Tuesday, April 15, 2014

Survival of the Cutest

Last week I posted a new video of Julia laughing on Facebook. I was quickly informed via a comment from a “friend” that she "must confess" she did not find Julia to be" quite as cute" in this latest posting...

Huh?

The comment was odd to say the least. Who says that, really?  But nonetheless, the comment was made and for as weird as it was and for as much as comments like that probably just need to be ignored and chalked up to the strangeness that is social media –  I find myself having a hard time letting it go.  And not because of the reasons you might think.  Yes, the comment was rude. No, you actually are not required to confess thinking someone’s child isn't looking quite so cute lately – you actually can (and should) keep that to yourself. No, the real reason I’m having a hard time letting it go is because it tapped into something very real to me, something I think about and worry over often.

What happens to Julia when the world doesn’t think she is cute anymore?

Hear me out. When people think you are cute they treat you better.  Cute is a shield. And while Julia will always be the cutest thing on the planet to those of us who love her, I am realistic enough to know that as she gets older her looks (like all kids) will change. She will get bigger, she may become awkward, and she will not be viewed as cute by the strangers she encounters.

And how will she be treated then? That's my concern.

I know the answer a little because the change has already started. The last time we checked into the hospital the nurses clearly treated Julia differently than in previous visits. She’s getting bigger and older and so rather than hear comments about her being “so cute” which is what we have usually heard, (which then behaviorally in our experience leads to being treated with patience and kindness), the nurse trying to get Julia’s vitals labeled her as “difficult” and seemed annoyed by the challenge Julia was presenting to her.  I distinctly remember thinking to myself in that moment that this is just a glimpse of what we have to look forward to when doctors and nurses no longer see Julia as cute and little but instead see her as a difficult challenge.

The world is a kinder place for those it deems cute.

And so I worry that the world will become less kind to Julia when little and cute aren’t the first things to be seen. I wonder if people will take the time to get to know her if they don’t immediately like what they see.  In truth it’s already hard now. We get strange looks or no looks at all when we are out in public so much so that my mom recently made Julia a shirt that says “I’m not invisible!”  If she needs that kind of shirt now at age six, I wonder how much more invisible will she become when she is (God willing) an older child or young adult and not so cute?

My biggest fear around this topic is that people will become less patient with Julia and less accommodating of the extra needs she does have and will continue to have if they aren't at first charmed by what they see.  Sometimes I want to ask the moms of older kids with special needs about this. Did you notice a change? Was there an age when people’s reaction to your child shifted, when their patience lessened?  Have we unknowingly been living in the easiest of years – and the harder years are yet to come?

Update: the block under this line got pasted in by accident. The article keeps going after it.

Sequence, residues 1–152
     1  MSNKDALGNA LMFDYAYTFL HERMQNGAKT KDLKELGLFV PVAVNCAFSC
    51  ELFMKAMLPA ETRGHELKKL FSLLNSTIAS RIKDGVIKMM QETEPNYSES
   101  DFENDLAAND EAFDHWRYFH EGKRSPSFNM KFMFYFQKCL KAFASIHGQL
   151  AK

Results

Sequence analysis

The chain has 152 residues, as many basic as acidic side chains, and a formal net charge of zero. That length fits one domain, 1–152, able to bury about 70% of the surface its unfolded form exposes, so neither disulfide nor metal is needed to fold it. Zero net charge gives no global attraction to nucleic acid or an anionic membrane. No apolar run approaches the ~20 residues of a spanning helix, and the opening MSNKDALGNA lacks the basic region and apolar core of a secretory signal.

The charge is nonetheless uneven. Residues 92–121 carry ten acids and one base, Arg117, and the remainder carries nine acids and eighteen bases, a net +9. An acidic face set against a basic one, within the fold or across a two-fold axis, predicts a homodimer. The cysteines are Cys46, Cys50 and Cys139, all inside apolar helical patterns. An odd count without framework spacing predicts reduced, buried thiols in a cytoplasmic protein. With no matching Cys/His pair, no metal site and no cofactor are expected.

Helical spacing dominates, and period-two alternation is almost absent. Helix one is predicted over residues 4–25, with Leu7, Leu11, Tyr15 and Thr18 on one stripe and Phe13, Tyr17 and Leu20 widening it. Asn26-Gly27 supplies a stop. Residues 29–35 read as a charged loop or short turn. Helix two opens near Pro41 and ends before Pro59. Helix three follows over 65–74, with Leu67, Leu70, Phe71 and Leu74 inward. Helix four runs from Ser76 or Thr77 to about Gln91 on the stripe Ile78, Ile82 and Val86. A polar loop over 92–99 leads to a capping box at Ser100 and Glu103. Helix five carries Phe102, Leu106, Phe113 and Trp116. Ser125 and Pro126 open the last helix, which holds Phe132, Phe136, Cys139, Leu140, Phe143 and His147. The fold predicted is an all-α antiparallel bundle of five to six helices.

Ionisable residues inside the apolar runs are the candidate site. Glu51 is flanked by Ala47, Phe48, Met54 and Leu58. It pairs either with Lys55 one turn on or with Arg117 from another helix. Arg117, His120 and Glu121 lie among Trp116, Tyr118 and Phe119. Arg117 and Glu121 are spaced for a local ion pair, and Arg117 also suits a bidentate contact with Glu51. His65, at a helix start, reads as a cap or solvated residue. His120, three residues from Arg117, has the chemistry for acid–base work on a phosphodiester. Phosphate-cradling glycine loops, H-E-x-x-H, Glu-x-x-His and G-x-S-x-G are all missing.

I want to ask, but I haven’t - maybe I don’t really want the answer confirmed.

It’s a sad reflection on our culture that this fear exists - but to be honest I'm afraid of this happening because I am guilty of doing it myself.

When I was 22 years old I decided to sponsor a child through Compassion International because a letter came to our house and inside the letter was a photograph of Gracie, the cutest 4 year old I had ever seen. The letter asked me “will you sponsor Gracie?”  And because I could not resist her cuteness I said “yes!” Two weeks later my intake packet arrived with a picture of my newly sponsored child - Yvonne.

Yvonne???  Ummm, where is Gracie?

Yvonne was not Gracie. Yvonne was not 4, Yvonne was not little and Yvonne was not particularly cute. Yvonne was not why I signed up to help.  Cute little Gracie was.

The intake letter explained Gracie had already been chosen so I had been matched with Yvonne, a child also in great need of sponsorship for the very same reasons as Gracie. But I remember thinking “I don’t realllllllly want to do this anymore... I really kinda just wanted to sponsor Gracie because she was really cute.” 

And then I remember realizing, “Wow, I am a complete jerk.”  And I wondered "Am I alone in my terribleness or are other people as terrible and shallow as me and Compassion International knows this and also knows they must use pictures of kids like Gracie to get sponsors for kids like Yvonne?"  Terrible.

I can only hope for my sweet Julia’s sake that most of the human race is NOT like the 22 year old version of myself.

Please, please, please people, be better than me!

I can only hope that I am wrong in my worries and fears, and that most people don’t treat others differently based on their looks or their size (or their age or their abilities).

I can only hope that most people aren’t so shallow as to decide how much love, patience, help, kindness and grace another person deserves based on how pleasing their appearance is.

I can only hope that most people do not measure the worth of another in cuteness but in humanness.


I can only hope...but I do worry. 

21 comments:

  1. All I can say is who let you into my head Laurie?? I think this as every month goes by and JJ continues to grow taller and taller. He's more then 1/2 my body length now. When is his "cuteness" going to wear off and he becomes the "disable kid, disabled young man and then the disabled guy".
    I pray that the world will be kind to JJ has he grows into the lovable man I know he will be. I know when I look into those sweet eyes of his and right into his soul that no matter his outward appearance he will still have the same sweet soul. God I hope everyone sees it too. All my love to you and Julia. <3 Medea

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    1. I love you Medea - thanks for letting me know I'm not alone. Those are my exact fears. I pray for people to see their souls too. xoxo